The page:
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Eat Your Spinach! And other Greens

by Debbie Roland

Greens include all leafy green vegetables. Most are cool-season crops and must be grown in the early spring or fall in Texas. Some greens, especially kale, will withstand temperatures below freezing and can be grown all winter in many areas.

They will grow best in well-drained soil with lots of organic matter. They prefer full sun in cooler weather but some will continue to grow throughout summer if they have shade from the afternoon sun.

Apply compost or other organic matter on top of your bed and dig the soil in the early spring when it is dry enough not to stick to garden tools.

Greens grow best when given plenty of fertilizer. Nitrogen is needed to develop the dark green leaf color. Before planting the seeds, apply a general garden fertilizer such as 10-10-10. Mix the fertilizer into the soil about 3 inches. Replant in September for a fall crop.

Spinach is a favorite, but don’t miss Swiss Chard. It is very tolerant of heat and light freezes and can be harvested all year, even in West Texas. Kale is a cool-season crop that should be planted in early spring or late fall. It makes a good edible border for flowerbeds or sidewalks.

Plant in rows or in blocks. You can harvest the leaves around the base of the plant and it will continue to produce at the top giving you an ongoing harvest.

When the plants are young, hand pull the weeds around the plant so that the weeds don’t take the nutrients your greens need. You don’t want to damage the young plants with a hoe. If you planted from seeds you will probably need to thin them out when they come up. They should be 4” apart. Don’t throw away the plants you pull, instead put the tender greens in salads.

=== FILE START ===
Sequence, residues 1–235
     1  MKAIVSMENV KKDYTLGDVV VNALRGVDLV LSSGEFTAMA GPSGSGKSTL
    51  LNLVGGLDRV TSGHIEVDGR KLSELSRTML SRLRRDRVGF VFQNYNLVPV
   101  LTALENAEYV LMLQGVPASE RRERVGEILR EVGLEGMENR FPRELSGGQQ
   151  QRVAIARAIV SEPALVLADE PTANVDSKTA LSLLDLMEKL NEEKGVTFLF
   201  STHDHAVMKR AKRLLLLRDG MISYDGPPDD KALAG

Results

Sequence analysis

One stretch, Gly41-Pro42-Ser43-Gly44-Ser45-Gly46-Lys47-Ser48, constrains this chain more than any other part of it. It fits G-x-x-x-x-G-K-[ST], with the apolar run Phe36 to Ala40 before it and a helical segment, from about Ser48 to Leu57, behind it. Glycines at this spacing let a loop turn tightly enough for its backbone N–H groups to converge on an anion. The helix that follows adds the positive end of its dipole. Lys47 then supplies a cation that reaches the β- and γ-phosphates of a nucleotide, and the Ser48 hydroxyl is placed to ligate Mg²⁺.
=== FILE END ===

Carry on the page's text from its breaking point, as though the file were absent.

Water thoroughly at least once a week and don’t allow the plants to wilt. This encourages roots to grow deeper into the soil which helps them withstand dry periods.

As always, mulch is recommenced to keep soil from losing moisture and as a weed control. Thirty days after the plants come up, scatter one-quarter cup of garden fertilizer beside the plants for every 10 feet of row and water thoroughly.

When your plants begin to bolt (or seed) the greens will likely be too bitter for you to eat and they should be pulled and put into your compost bin.

Please contact the AgriLife office in Odessa at 498-4071 or in Midland at 686-4700 for more gardening information.

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The Permian Basin Master Gardener program is designed to support the Texas AgriLife Extension Service and provide horticultural training to Permian Basin Citizens.

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Midland County Extension

2445 E Hwy 80

Midland, TX 79706
 

432-686-4700

https://midland.agrilife.org/contact/

Ector County Extension

1010 E 8th Street

Odessa, TX 79761

432-498-4071

https://ector.agrilife.org/contact/

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